But that comes with it's own inconveniences -- mainly that the user no longer gets the choice about which bitcoind/-qt version to use, and I have to a lot of work to integrate and compile new version of bitcoind directly into my codebase (this is probably pretty ugly in Windows).  I have to manually integrate and modify each new release of the satoshi client, and if, say, there was a critical vulnerability/update to the satoshi client, I would have to critically update and release a new version of Armory immediately.

I just don't feel like there's any clean solutions here.  But I feel like something must be done to improve accessibility -- having specific requirements/instructions for downloading and installing a separate program, and then not starting/initializing Armory until certain conditions are met... it's a lot to ask of marginally-interested users who don't really understand Bitcoin...


Founder and CEO of Armory Technologies, Inc.
Armory Bitcoin Wallet: Bringing cold storage to the average user!
Only use Armory software signed by the Armory Offline Signing Key (0x98832223)

Please donate to the Armory project by clicking here!    (or donate directly via 1QBDLYTDFHHZAABYSKGKPWKLSXZWCCJQBX -- yes, it's a real address!)
rini17
Sr. Member
****
Offline Offline

Activity: 340


GO http://bitcointa.lk !!! My new nick: jurov


View Profile WWW
February 21, 2013, 12:13:51 PM
 #11

By the way:  I will have an option to just use an existing bitcoind/Bitcoin-Qt instance, but most users, especially those who have never used Bitcoin, will benefit dramatically from having this as the default, all-in-one, standalone solution.  It will probably show up in the preferences to "Allow using existing already-open Bitcoin-Qt/bitcoind instances".  

Recommendations, welcome!
How will users benefit running bitcoind only when armory is started? I call BS, bitcoind can (and is meant to) run all the time in background. With 0.8 disk trashing is no longer an issue. Running it as a service benefits from more open connections, always most recent data readily at hand and also user's transactions propagate quicker. Maybe if user has low-spec computer... but then he shouldn't use bitcoin-qt nor armory at all...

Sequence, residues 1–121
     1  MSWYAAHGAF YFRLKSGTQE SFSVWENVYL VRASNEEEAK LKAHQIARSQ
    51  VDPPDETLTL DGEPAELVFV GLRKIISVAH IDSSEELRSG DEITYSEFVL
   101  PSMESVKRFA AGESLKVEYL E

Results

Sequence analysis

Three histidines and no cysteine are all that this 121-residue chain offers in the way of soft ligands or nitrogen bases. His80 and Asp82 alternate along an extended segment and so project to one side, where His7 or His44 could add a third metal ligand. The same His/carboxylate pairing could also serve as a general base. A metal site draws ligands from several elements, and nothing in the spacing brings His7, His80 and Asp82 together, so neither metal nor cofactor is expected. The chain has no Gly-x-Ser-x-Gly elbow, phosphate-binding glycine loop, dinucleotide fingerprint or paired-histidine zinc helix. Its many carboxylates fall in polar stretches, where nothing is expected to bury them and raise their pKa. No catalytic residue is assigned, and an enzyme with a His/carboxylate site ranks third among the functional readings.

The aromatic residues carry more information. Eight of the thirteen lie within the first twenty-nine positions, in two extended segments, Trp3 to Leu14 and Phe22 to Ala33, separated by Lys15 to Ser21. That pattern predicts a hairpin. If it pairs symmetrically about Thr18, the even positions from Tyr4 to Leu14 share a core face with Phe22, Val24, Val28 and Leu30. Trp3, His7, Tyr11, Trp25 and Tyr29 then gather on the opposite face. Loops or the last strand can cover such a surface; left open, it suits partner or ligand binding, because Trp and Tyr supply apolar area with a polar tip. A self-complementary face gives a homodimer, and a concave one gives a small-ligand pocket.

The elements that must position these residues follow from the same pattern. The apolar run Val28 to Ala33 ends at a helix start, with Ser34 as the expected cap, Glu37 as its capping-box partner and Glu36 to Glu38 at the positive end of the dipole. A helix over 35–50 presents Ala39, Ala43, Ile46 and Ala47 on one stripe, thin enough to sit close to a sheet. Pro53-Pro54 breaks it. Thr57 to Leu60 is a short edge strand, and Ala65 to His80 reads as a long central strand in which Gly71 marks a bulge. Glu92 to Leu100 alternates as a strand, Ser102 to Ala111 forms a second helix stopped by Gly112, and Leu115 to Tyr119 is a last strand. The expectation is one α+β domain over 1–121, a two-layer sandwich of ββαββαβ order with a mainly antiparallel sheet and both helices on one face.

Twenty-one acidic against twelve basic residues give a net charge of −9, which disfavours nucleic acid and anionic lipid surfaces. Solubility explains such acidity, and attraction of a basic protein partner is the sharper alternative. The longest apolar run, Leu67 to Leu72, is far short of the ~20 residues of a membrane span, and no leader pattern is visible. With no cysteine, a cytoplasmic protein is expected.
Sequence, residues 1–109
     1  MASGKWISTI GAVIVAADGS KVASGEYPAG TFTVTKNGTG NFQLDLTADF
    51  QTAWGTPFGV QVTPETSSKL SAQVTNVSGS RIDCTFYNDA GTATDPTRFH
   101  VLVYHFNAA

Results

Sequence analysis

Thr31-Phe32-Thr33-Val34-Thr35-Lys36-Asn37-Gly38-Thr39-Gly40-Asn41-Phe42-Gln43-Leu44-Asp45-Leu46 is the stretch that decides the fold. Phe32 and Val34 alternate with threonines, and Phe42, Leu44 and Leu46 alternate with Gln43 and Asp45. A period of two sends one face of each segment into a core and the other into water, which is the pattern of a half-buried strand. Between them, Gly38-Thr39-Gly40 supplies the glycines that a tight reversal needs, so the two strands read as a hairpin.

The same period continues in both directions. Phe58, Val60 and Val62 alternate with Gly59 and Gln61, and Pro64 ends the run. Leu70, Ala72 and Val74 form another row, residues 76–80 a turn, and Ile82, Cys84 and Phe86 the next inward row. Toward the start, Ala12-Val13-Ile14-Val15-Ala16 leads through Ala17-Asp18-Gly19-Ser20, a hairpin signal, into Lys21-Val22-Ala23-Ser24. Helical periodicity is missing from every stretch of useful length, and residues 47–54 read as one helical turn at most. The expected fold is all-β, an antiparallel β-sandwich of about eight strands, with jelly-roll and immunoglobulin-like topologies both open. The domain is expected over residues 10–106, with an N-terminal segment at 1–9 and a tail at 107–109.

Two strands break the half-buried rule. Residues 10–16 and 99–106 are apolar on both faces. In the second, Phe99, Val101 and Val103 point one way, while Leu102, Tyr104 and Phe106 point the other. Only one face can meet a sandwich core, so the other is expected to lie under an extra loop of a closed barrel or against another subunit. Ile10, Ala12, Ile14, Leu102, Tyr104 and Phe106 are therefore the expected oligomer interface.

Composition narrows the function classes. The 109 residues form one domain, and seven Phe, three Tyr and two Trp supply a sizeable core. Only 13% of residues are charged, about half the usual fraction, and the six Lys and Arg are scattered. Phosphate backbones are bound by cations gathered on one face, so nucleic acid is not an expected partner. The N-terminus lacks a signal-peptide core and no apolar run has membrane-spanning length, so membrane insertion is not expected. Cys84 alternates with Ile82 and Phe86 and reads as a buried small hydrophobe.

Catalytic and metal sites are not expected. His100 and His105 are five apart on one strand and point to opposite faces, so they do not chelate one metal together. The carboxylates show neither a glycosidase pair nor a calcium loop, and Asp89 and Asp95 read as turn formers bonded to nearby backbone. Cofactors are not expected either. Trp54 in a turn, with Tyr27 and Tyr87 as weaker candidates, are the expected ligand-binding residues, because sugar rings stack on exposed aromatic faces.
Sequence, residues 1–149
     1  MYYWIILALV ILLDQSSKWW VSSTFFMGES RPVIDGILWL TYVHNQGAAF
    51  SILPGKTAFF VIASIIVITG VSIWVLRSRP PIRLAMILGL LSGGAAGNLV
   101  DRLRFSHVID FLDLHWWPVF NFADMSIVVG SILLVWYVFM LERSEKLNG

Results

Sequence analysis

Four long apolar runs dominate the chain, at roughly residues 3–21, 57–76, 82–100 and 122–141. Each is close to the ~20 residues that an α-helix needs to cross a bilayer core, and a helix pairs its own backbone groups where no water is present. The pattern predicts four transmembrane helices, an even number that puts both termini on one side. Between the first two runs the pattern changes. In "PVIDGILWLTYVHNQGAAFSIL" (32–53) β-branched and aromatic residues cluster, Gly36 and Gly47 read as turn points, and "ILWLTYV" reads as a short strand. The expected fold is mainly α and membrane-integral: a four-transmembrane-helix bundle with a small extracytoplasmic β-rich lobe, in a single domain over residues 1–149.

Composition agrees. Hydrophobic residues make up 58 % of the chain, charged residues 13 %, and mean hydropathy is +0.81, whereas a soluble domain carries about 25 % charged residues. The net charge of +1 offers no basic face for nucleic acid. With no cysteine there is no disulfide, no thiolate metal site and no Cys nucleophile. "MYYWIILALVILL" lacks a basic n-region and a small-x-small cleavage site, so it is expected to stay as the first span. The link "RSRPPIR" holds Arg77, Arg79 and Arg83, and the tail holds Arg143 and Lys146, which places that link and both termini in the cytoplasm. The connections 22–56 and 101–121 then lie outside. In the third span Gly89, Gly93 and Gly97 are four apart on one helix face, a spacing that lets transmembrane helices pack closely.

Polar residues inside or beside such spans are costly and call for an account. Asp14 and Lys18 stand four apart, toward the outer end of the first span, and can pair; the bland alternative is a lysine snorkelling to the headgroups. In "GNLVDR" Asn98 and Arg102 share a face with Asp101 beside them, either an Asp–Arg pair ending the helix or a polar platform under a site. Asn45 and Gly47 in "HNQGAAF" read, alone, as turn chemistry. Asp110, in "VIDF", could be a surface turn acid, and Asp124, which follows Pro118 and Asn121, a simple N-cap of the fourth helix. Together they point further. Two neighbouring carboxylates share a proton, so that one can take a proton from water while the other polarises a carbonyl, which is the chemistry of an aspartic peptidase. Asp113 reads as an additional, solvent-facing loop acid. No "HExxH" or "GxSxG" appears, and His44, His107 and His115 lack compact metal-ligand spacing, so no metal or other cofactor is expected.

CoinBr.com: First online MPEx brokerage launched beta! Easy to use interface and reasonable fees. Charts for MPEx stocks: live.coinbr.com * My Blog *
etotheipi
Legendary
*
Offline Offline

Activity: 1428


Core Armory Developer


View Profile WWW
February 21, 2013, 12:57:58 PM
 #12

How will users benefit running bitcoind only when armory is started? I call BS, bitcoind can (and is meant to) run all the time in background. With 0.8 disk trashing is no longer an issue. Running it as a service benefits from more open connections, always most recent data readily at hand and also user's transactions propagate quicker. Maybe if user has low-spec computer... but then he shouldn't use bitcoin-qt nor armory at all...

Once I get Armory's resource usage down, then it too will run in the background, along with Bitcoin-Qt, bitcoind.  The user will just keep both programs up.  Running and keeping Armory open will be done in the same way that users would run and keep Bitcoin-Qt/bitcoind open all the time.

The problem with your logic is assuming that more than 10% of target users understand or care about these details.  They heard about Bitcoin from a friend and want to get some coins and buy stuff from Bitcoinstore.com because it has good prices.  I have instantly lost that user if they have to install multiple programs and follow directions to start it.  And it's unnecessary -- I can manage it myself, and they'd prefer me to manage it for them.  This can be win-win for the vast majority of users.   And its default behavior can be the same as bitcoind/-qt:  minimize to tray and run all the time.  Nothing's really different than the way they run bitcoind/-qt, except they have a much more powerful interface on top of bitcoin-qt.